Thursday, November 20, 2014

"Gone Girl" Goes For the Throat

It's been long enough that I think a spoiler-filled review is appropriate. A quick review up front though, if you haven't seen the film yet. Just stop reading at the end of this paragraph. David Fincher's latest film, "Gone Girl," is a domestic thriller about a woman's disappearance that takes some wild turns, and features some good performances. Rosamund Pike completely steals the show as Amy Elliott Dunne, the missing woman. Ben Affleck is no slouch either as her very imperfect husband Nick, who is not prepared for the media attention that the case attracts. "Gone Girl" is an intensely cynical, smart, and involving film that plays on all our fears about relationships and intimacy. It's the best crime film, and one of the best psychological thrillers made in years.

And Amazing Amy instantly joins the ranks of Alex Forrest from "Fatal Attraction" and Annie Wilkes from "Misery" as one of the great female screen villains. She's the embodiment of everyone's worst fear about their romantic partner, a woman who goes from picture perfect to destructive and psychopathic when things don't work out the way she wants them to. Amy is also a manipulator, who goes to extreme lengths to create a perfect sob story, and uses the voracious cable news entertainment industry to persecute her husband in her absence. Her false narrative is so convincing because it's so easy and familiar. We want to believe the wronged, victimized woman, and hate the careless, cheating man. David Fincher and writer Gillian Flynn do a terrific job of playing on these tropes and leading the audience to just the right place to get the rug pulled out from underneath them with maximum force. I understand that the "Gone Girl" novel painted Nick in a much less flattering light, and the reader could conclude that he and Amy deserved each other. However, I don't mind that he's more of an everyman in the film, because it just makes Amy that much more effective and memorable.

Rosamund Pike is an actress I'm familiar with for minor parts in genre films, but I never saw her in any really substantial roles before this. Here she's got the spotlight, and there's no question that she's a star. She remains sympathetic and attractive even when she's at her worst. The second half of the film where we follow her misadventures as "Nancy" are so effective because Pike and Fincher continue to largely present her as the vulnerable, underdog figure that Amy has cast herself as in her own mind. It's only very, very late in the movie that the mask is completely off and we understand what she's fully capable of. Ben Affleck's performance doesn't have nearly the same complexity, but he does solid work and he's perfectly cast. Affleck's public persona and history with the media give Nick's encounters with the media some added impact. As Nick learns to become a public figure, it's hard not to think of that point in Affleck's career when he was better regarded for being part of the Bennifer super couple than for his artistic endeavors.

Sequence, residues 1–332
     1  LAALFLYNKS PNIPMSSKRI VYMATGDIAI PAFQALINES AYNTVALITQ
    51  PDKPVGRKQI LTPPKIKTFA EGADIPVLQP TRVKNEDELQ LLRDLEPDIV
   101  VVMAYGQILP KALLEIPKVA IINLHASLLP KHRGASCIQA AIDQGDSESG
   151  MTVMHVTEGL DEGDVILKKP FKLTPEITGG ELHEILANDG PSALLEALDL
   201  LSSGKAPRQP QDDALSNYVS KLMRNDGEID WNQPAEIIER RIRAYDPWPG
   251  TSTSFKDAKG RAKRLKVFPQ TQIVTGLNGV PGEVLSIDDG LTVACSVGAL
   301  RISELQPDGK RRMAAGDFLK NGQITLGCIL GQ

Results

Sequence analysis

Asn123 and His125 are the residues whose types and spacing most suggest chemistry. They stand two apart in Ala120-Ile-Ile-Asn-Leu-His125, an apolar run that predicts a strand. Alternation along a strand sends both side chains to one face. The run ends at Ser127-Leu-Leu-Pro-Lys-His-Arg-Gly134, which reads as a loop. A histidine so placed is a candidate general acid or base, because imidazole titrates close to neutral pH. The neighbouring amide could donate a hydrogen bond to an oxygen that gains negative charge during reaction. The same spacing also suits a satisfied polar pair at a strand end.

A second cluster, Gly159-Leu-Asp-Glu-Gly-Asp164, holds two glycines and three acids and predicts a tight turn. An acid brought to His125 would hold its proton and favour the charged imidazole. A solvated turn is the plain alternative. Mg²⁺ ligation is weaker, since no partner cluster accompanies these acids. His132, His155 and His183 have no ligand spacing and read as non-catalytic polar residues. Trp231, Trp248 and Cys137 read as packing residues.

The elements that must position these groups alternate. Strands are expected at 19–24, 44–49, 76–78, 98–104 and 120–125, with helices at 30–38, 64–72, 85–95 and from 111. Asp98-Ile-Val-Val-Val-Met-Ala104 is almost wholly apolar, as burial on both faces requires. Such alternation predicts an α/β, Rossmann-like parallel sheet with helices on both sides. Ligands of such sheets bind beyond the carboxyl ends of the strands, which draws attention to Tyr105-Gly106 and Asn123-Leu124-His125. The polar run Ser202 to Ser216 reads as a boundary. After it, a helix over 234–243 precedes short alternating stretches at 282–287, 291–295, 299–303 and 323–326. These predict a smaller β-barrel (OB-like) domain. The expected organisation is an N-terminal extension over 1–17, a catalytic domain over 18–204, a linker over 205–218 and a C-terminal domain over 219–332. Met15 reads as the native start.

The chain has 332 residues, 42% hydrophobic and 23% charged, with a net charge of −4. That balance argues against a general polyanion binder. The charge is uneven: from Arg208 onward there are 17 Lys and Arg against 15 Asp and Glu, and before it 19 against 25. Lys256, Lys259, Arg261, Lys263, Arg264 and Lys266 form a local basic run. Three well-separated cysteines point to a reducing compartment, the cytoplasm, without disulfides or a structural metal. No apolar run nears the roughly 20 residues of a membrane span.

After the oddly sanitized version of "Girl With the Dragon Tattoo," I was worried that David Fincher was losing some of his verve. But after "Gone Girl," that's clearly not the case. This is one of his darkest, most intense films, and he does it with very little graphic imagery or content. His style is unmistakable, but it's the tone and the mood that mark this as a Fincher film. The amount of psychological and emotional violence in play here is staggering, and far more gripping than the few instances of physical violence. That's not to say that these moments aren't handled well. Consider the jolts of Nick's fairly mild assaults on Amy and the tension created during the robbery where the perpetrators barely touch her. However, he's reduced the scale of the larger conflict down to such a personal level, while hardly sacrificing any of his usual brutality.

I also love all the little subtleties in how the "Gone Girl" universe has been constructed, especially its self-awareness about its own messages, and the way that it highlights the dangers of the media. Surely aware of the way Amazing Amy would invite discussion of its gender politics, the filmmakers offer two positive female characters, Margo (Carrie Coon) and Detective Boney (Kim Dickens) to support Nick. More familiar actors - Neil Patrick Harris, Missi Pyle, Sela Ward, and Tyler Perry - are used in ways that play off of or go against type. And though the scrum around Nick is reprehensible, none of the actions of any individual characters feels exaggerated or unrealistic in the slightest. Everyone, even the Nancy Grace stand-in who leads the charge against Nick, gets their moments of humanity, even if that humanity is ugly stuff.

"Gone Girl" is the kind of movie that doesn't arrive at the theaters very often anymore - a serious contemporary adult drama, chock full of issues to debate over (though not an "issue" film), and massively entertaining to boot. The closest thing I can think to compare it to, ironically, is "Gone Baby Gone," which Ben Affleck directed not too long ago. When I first heard about this project, I hoped that a little of Fincher might rub off on Affleck. Now, I'm not so sure it wasn't the other way around.

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